New Delhi: An online survey conducted by The Takshashila Institution has found that a majority of Indians think China was responsible for the coronavirus pandemic. A significant number of them also feel calling the illness a “Chinese virus” or “Wuhan virus” wasn’t racist or stigmatised.
The survey was carried out by Manoj Kewalramani, fellow, China Studies, at The Takshashila Institution, on how people perceived China after the Covid-19 crisis.
Conducted from 26 March to 3 April, it had 1,299 respondents — 1,156 Indians, and the rest of them were from US, Canada and even China.
Around 67 per cent of the total respondents believed that China was responsible for the Covid-19 outbreak. Out of these, 48 per cent said China failed to stop illegal wildlife trade, contain an early outbreak of the contagious illness and had “lied” to the world.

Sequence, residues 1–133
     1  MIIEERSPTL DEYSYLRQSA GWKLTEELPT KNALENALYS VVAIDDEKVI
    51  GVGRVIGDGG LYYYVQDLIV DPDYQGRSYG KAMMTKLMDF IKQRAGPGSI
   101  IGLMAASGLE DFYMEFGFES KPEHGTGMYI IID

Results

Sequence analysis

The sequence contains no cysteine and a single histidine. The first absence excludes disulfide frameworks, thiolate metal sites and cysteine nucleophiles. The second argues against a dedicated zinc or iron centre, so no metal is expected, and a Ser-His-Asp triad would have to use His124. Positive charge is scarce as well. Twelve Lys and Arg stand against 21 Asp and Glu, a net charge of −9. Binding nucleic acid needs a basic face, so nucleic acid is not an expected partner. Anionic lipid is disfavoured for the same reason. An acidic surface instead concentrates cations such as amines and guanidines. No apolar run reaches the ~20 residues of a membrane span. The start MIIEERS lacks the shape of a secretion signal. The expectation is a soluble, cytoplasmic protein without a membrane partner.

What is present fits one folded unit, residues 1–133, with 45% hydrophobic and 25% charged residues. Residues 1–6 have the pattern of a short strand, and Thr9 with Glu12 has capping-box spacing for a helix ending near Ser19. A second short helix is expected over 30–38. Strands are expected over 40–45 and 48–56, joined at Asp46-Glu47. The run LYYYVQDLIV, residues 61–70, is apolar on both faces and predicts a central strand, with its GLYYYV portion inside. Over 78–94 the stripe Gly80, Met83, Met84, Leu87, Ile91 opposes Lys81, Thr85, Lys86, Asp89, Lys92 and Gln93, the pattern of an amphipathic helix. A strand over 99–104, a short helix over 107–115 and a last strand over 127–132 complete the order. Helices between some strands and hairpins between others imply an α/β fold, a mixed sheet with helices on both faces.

Around 18 per cent also believed coronavirus could be a biological weapon created by China.
More than 50 per cent of Indians in the survey said calling the illness a “Chinese virus” was needed to make sure the neighbouring country didn’t escape responsibility.
China’s policies ‘draconian and opaque’
Around 65 per cent of those who participated in the survey thought China’s policies in containing the coronavirus outbreak were “draconian and opaque”.
They also believed that the Chinese government has hidden the true scale of the crisis. Only 3 per cent said China has provided a model for others to contain the outbreak and displayed the strength of its governance system.
China has been supplying masks, ventilators and other protective gear to other countries affected by the pandemic. On Sunday, the country donated 1,000 ventilators to the US.
Around 56 per cent of respondents in the survey, however, believed China’s gesture towards other countries was “nothing but geopolitics”. According to the survey, these respondents said China’s actions were only an opportunity to project its power over other nations.
A majority of the participants also didn’t think China was a threat to India. Close to 50 per cent admitted that both countries shared a complex relationship and common interests.